A four-week public inquiry has begun into plans for a £100m flood barrier scheme in Lincolnshire.
The creation of the Boston Barrier would help to reduce the risk of tidal flooding for up to 14,300 properties in the town, the Environment Agency said.
The inquiry will consider its environmental impact and benefits.
Some fisherman claim the barrier's proposed location would narrow the river at that point, making it riskier for boats to navigate safely.
The Environment Agency will use the inquiry in Boston to put forward its case and to hear evidence about these and other objections raised.
Last year it asked the secretary of state to grant powers to construct and operate the proposed barrier, which led to the public inquiry being called.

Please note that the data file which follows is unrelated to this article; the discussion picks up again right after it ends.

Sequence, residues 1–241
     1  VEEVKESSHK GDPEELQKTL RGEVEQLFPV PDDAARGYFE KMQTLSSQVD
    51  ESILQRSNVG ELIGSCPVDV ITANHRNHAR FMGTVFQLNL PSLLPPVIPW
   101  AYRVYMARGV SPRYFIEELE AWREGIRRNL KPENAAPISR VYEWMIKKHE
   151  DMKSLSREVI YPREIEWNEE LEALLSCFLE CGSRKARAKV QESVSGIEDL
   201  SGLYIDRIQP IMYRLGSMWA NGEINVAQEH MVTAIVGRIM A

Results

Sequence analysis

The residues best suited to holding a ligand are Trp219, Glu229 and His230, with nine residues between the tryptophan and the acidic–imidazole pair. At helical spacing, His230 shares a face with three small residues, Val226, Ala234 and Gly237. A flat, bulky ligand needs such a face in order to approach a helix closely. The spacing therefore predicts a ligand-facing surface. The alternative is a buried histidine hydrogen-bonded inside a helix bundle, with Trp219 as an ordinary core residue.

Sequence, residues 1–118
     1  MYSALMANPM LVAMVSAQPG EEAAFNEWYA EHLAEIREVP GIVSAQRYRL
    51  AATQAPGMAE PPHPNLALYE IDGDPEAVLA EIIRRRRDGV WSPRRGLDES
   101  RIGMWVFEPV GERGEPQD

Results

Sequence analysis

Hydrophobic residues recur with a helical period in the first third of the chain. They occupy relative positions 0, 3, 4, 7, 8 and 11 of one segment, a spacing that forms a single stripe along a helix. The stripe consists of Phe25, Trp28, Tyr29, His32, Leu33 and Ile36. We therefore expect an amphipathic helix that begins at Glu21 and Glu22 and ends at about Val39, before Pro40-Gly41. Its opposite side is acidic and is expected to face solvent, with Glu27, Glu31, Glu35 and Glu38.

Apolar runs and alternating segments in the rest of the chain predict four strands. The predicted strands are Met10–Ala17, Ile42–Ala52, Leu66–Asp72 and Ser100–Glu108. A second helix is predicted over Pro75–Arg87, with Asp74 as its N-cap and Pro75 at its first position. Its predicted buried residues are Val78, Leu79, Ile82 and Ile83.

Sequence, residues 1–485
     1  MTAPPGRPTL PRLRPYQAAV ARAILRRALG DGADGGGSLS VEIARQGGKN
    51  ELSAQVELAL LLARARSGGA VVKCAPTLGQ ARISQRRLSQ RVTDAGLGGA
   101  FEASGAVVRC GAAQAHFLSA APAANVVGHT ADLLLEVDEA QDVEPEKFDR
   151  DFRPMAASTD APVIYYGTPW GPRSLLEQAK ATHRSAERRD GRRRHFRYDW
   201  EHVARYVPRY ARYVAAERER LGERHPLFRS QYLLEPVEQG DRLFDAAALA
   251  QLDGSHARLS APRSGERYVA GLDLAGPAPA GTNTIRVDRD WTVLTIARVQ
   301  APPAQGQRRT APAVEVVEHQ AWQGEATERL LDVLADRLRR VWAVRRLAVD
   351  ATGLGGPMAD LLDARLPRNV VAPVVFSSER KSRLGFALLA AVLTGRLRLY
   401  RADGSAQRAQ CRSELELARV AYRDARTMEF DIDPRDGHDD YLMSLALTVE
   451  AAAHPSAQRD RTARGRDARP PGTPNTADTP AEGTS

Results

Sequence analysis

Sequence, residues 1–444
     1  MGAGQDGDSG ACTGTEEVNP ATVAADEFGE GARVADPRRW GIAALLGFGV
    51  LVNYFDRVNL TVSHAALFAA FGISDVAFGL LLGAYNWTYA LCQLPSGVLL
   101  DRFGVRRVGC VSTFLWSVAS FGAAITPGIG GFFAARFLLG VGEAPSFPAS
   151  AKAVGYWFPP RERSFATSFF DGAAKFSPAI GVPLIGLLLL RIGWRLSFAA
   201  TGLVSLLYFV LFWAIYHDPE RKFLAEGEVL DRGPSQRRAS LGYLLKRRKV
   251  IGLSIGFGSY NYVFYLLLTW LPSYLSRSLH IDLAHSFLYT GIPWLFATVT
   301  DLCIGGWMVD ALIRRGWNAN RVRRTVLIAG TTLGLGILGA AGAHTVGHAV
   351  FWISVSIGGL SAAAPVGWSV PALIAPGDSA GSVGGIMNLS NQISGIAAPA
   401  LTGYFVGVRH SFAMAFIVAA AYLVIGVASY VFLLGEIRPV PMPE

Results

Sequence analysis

Adam Robinson, barrier manager for the agency, said the scheme was needed to prevent a repeat of the 2013 floods, which saw about 300 homes flooded after a tidal surge battered the east coast.
Ken Bagley, from the Boston Fisherman's Association, said while he supported a barrier in principle, in his view the proposed site was incorrectly positioned.
He said narrowing the river at the point, along a busy stretch and on a bend, would increase the speed of the water passing through it, meaning boats would have to travel at higher speeds to navigate it.
Mr Bagley said the barrier should be built downstream to avoid the bend.
A government inspector will be present for the inquiry and will prepare a report for the secretary of state to consider.
If approved, the scheme would see the construction of a new tidal barrier with a moveable gate, along with new flood defences on both banks of the River Haven.
Work could start in December and was estimated to take about two years to complete, the agency said.